Figure 1.

Brofenbrenner’s Ecological Framework

Key Terms in this Chapter

Interpretive Theory: Refers to a relatively large umbrella category that includes analytical perspectives and theories spanning the fields of communication, sociology, anthropology, education, cultural studies, political science, history, and the humanities writ large. Interpretive theories, sometimes referred to as interpretivism or philosophical interpretivism, are orientations to social reality based on the goal of understanding. Thus, we can define interpretive theories as ontological and epistemological tools used in research concerned with understanding how individuals and groups create meaning in their everyday practices, communication, and lived experiences. In part, interpretivists are (a) scholars who are interested in the ways communities, cultures, or individuals create meaning from their own actions, rituals, interactions, and experiences; (b) scholars who wish to interpret local meanings by locating them into a broader historical, geographical, political, linguistic, ideological, economic, and cultural milieu; (c) researchers who look at the meanings of texts and the codes and rules (Vannini, 2009 AU3: The in-text citation "Vannini, 2009" is not in the reference list. Please correct the citation, add the reference to the list, or delete the citation. , in Stephen Littlejohn & Karen Foss Encyclopedia of Communication Theory, 2009 AU4: The in-text citation "Karen Foss Encyclopedia of Communication Theory, 2009" is not in the reference list. Please correct the citation, add the reference to the list, or delete the citation. ). Interpretive theory is more accepting of free will and sees human behavior as the outcome of the subjective interpretation of the environment.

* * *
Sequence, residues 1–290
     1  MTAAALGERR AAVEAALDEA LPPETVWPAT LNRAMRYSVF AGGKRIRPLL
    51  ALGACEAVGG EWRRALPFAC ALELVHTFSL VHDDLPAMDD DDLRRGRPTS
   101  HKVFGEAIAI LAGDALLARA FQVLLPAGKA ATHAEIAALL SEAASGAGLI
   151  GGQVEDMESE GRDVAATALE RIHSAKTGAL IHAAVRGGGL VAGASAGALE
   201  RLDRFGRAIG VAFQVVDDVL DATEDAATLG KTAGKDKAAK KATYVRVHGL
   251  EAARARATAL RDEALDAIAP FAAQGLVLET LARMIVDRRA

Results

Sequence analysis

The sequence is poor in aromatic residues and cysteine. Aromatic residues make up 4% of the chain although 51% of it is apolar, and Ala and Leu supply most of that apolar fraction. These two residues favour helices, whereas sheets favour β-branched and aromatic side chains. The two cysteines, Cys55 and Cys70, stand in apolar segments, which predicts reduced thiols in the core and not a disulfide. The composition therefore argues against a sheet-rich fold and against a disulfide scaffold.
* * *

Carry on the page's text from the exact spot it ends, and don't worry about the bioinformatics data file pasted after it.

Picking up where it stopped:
Venn Diagram or Set Diagram: A diagram that shows all possible logical relations between a finite collection of different sets. Venn diagrams were conceived around 1880 by John Venn. They are used to teach elementary set theory, as well as illustrate simple set relationships in probability, logic, statistics, linguistics and computer science.

Systems Theory: Systems theory is the interdisciplinary study of systems in general, with the goal of elucidating principles that can be applied to all types of systems at all nesting levels in all fields of research. The term does not yet have a well-established, precise meaning, but systems theory can reasonably be considered a specialization of systems thinking; alternatively as a goal output of systems science and systems engineering, with an emphasis on generality useful across a broad range of systems (versus the particular models of individual fields).